Namibia runs low on condoms
16 September 2021 | Health
There are no condoms at most bars and sheebens in northern Namibia as well as some clinics and health centres in the Khomas Region, which have been the hot spots for contraceptive distribution.
This shortage has been about by the Covid-19 pandemic. Bar owners have expressed disappointment as their customers usually grab condoms from establishments on their way home.
Namibian Sun also understands that some health centres in Oshana and Khomas have once again run out of injectable contraceptives. Windhoek Central Hospital, Onandjokwe State Hospital and Ondangwa Adolescents and Youth Health+ Centre have run out of the norethisterone (Nur-Isterate) injection.
Just last year, a study compiled by the Reproductive Health Supplies Coalition and Global Financing Facility envisaged that up to 27 900 unintended pregnancies may occur in Namibia because of a shortage of contraceptives.
While health executive director Ben Nangombe had at the time assured the country that the disruptions caused by the pandemic, would be resolved by June and most contraceptives and other pharmaceuticals would be delivered at the ministry's Central Medical Store, the shortage persists.
Nangombe was not available for comment yesterday.
Linda Baumann, human rights and gender activists, said while there has been no formal communication from the health ministry, they too have observed through their community outreach programmes that the condom distribution at bars and clinics has diminished.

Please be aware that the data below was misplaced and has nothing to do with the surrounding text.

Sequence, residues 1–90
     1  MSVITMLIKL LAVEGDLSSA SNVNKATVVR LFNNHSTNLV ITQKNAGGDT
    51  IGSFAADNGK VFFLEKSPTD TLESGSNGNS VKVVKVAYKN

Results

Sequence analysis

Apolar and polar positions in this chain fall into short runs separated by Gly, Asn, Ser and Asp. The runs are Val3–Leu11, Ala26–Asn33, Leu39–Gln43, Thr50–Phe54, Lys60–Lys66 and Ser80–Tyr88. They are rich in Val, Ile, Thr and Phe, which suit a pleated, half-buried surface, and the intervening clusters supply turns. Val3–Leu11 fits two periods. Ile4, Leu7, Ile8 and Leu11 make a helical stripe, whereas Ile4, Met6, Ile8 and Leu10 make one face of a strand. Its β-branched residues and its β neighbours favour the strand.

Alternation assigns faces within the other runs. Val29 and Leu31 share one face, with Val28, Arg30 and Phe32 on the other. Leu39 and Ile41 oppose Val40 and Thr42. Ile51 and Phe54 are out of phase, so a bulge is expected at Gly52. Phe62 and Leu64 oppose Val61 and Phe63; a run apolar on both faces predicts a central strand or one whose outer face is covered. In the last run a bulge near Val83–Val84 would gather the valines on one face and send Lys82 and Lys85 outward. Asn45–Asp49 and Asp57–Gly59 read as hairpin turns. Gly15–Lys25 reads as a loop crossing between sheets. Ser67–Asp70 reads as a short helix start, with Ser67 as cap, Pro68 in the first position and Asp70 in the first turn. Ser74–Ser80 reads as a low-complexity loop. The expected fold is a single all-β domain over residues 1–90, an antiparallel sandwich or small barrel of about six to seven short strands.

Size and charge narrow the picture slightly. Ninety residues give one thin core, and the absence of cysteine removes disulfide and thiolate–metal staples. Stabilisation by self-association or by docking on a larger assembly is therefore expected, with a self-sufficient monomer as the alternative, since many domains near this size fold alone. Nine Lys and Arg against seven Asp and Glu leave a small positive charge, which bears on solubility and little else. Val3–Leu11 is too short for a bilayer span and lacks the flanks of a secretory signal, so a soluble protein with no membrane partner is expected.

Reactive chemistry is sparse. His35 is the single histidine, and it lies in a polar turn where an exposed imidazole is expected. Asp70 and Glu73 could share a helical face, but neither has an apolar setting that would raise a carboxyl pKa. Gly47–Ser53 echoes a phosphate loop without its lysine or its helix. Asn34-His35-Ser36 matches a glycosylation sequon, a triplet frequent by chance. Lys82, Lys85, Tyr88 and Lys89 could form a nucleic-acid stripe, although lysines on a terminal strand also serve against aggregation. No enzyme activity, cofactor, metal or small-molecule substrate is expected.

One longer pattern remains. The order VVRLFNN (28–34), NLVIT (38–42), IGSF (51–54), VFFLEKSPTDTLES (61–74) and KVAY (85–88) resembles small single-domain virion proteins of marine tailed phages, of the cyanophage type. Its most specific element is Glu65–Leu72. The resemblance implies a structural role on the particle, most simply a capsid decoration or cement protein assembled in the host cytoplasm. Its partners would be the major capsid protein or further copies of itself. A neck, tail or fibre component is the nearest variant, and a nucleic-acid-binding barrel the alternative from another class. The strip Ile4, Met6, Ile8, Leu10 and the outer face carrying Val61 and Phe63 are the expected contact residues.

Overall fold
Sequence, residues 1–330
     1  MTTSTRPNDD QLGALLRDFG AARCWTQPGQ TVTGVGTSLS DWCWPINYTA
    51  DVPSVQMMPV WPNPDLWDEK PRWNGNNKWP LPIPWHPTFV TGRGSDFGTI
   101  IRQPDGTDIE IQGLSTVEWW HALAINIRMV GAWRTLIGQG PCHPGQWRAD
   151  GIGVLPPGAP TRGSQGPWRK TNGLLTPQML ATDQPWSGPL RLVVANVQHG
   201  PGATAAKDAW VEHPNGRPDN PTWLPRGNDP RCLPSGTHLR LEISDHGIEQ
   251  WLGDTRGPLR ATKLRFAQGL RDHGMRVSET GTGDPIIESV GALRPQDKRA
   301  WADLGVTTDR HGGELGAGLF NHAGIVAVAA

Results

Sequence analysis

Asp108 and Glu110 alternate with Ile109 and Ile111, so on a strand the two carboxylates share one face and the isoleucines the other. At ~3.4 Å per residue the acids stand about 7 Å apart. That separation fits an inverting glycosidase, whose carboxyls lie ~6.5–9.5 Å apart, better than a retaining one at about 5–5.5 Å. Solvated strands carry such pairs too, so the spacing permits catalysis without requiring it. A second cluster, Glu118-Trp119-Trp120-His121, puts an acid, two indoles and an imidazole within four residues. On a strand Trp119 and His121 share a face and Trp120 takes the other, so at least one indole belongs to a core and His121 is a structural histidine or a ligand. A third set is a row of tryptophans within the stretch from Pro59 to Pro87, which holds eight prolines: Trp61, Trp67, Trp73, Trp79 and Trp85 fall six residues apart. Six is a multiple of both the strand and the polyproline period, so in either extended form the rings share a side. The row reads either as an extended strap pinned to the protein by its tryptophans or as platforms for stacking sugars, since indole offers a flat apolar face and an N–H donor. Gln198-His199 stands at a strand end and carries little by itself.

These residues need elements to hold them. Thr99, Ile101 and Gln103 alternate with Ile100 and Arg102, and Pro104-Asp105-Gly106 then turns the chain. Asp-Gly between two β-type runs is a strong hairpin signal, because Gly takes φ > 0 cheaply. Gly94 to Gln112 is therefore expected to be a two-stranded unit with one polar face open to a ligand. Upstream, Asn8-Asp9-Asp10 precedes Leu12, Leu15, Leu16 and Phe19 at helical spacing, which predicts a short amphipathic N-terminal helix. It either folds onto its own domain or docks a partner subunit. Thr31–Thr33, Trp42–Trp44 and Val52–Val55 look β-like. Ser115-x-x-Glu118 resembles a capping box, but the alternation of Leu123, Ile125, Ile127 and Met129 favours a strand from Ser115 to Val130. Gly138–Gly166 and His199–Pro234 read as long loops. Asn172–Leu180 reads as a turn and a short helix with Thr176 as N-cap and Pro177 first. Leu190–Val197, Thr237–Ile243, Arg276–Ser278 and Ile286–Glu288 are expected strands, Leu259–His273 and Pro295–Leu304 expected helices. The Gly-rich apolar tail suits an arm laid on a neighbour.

She further lamented that condoms have become a capitalist money-making scheme, and challenged the health ministry to resolve the issue immediately as the poor distribution will not only impact the country’s efforts to stop the spread of HIV/AIDS, but will also increase teenage pregnancy.
“This means the effect has doubled up in terms of weak access as it was already slowing down before the pandemic. People don’t need to ask anyone or buy condoms when they enter a bar or clinic. They should just pick up when they need to use it, but now those condoms are nowhere in sight,” she said.
Baumann said condoms and contraceptives should be part of the minimum package for sexual reproductive health offered to Namibians, adding that lubricants should also be added for key populations.
“Teenage pregnancy is high. Children are being taught at school how to protect themselves from pregnancy, but the commodity to use is not available,” she said.
Teen pregnancy problem
Community outreach coordinator for the Namibia Planned Parenthood Association, Risto Mushongo said he is concerned by the alternative methods being offered to young women who do not wish to fall pregnant.
Namibia faces a massive teen pregnancy problem. Earlier this year, the education ministry announced that 3 323 girls fell pregnant between March and July 2020 during the Covid-19 lockdown.
Mushongo said this number can easily increase as these young girls opt to not take any contraceptive if what they normally use is unavailable.
Currently, most health centres and hospitals have the implant, known as the Jadelle, and the medroxyprogesterone (Depo Provera) injection.